Fleas defecate when they bite, leaving bacteria on the skin around the bites. This makes flea bites prone to infection, especially if you spread the bacteria when you scratch with your fingers.

Flea droppings, also known as flea droppings, are the reason why fleas spread diseases like plague, typhoid and tapeworms.

What are the causes of bed bug bites vs. flea bites?

Flea bites and insect bites are obvious once you know which bug is in your home.

Causes of bed bug bites

Bed bugs prefer to live on fabrics or other soft surfaces such as furniture. They don’t live on animals or people. They could enter your home with suitcases or other cloth items from a previously infested room. They cannot jump or fly, but they can crawl very quickly.

You can tell if bed bugs are present in a house by looking for these signs:

  • Reddish spots on the bed from crushed beetles.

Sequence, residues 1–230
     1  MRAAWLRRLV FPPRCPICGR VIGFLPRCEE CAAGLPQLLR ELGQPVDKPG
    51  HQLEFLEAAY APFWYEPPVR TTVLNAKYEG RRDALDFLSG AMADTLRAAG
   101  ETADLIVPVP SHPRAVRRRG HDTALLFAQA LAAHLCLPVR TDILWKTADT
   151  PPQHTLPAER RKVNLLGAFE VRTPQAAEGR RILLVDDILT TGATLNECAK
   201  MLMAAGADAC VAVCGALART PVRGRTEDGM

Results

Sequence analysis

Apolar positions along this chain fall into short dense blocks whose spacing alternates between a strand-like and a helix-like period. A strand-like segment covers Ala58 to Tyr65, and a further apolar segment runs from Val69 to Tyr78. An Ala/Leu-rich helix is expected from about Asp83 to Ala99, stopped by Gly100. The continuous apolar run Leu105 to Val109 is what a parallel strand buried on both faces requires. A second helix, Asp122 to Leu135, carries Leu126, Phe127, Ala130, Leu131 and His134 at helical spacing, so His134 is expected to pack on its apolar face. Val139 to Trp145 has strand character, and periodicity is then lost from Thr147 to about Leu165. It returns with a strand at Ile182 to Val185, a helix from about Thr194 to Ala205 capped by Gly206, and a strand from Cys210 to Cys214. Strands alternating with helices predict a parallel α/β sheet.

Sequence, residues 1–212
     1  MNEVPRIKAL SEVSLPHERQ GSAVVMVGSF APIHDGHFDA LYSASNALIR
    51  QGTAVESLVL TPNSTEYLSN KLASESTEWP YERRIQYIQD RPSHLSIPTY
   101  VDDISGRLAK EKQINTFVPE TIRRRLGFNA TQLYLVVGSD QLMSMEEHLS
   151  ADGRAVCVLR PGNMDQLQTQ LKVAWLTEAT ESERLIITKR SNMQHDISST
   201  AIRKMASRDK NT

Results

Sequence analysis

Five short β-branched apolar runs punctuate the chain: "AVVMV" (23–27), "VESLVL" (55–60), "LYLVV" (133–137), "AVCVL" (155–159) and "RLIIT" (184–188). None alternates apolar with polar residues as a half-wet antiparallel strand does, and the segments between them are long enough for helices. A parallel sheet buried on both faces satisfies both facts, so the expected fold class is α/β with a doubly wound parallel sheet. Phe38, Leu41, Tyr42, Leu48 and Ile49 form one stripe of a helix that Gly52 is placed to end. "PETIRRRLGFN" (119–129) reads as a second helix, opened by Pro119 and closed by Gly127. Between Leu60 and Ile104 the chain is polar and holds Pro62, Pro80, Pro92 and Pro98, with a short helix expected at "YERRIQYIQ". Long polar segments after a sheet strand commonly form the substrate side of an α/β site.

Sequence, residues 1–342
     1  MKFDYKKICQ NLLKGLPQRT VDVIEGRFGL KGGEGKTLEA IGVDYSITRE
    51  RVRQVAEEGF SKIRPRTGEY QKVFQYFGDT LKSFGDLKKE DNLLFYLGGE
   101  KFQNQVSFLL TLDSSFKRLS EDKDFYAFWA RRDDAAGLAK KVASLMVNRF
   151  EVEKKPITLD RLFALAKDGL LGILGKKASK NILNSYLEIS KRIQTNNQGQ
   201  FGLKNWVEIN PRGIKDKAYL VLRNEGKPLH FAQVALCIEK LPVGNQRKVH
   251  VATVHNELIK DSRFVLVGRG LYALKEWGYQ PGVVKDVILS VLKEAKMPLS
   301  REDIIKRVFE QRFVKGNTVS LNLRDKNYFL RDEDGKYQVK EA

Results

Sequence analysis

• Tiny dark spots from bed bug droppings.
  • Bed bug eggs, egg shells and the exoskeletons.
  • Live bed bugs.
  • A musty smell in the rooms where bed bugs live.

Causes of Flea Bites

It is easy for a person or a pet to carry fleas around the house. Other animals such as mice, rats or raccoons can also bring fleas into the house.

As soon as fleas lay eggs on the animals, the eggs fall off and mature in the carpet or other places in the house. Then new fleas hatch and begin to bite people and pets.

You can tell if an animal has fleas by looking for fleas on its skin under its fur. You may also notice black spots or “flea debris” that fleas leave behind when they bite.

How to diagnose bed bug bites vs. flea bites

Most of the time, you can spot bed bug bites or flea bites without seeing a doctor.

How to diagnose bed bug bites

You can recognize bed bug bites by the fact that the bites pile up in a zigzag pattern. Bed bugs have a tendency to bite exposed areas of skin such as arms and legs. You may notice new bites in the morning.

If you think you may have bed bug bites, check for other signs of bed bugs in your home, such as:

  • Bed bugs in mattresses, sheets, or clothing
  • Bedbug molt exoskeletons
  • Rust-colored spots
  • Musty smell

How to diagnose flea bites

Flea bites in humans are typically on the feet and ankles. You might notice them in groups of three.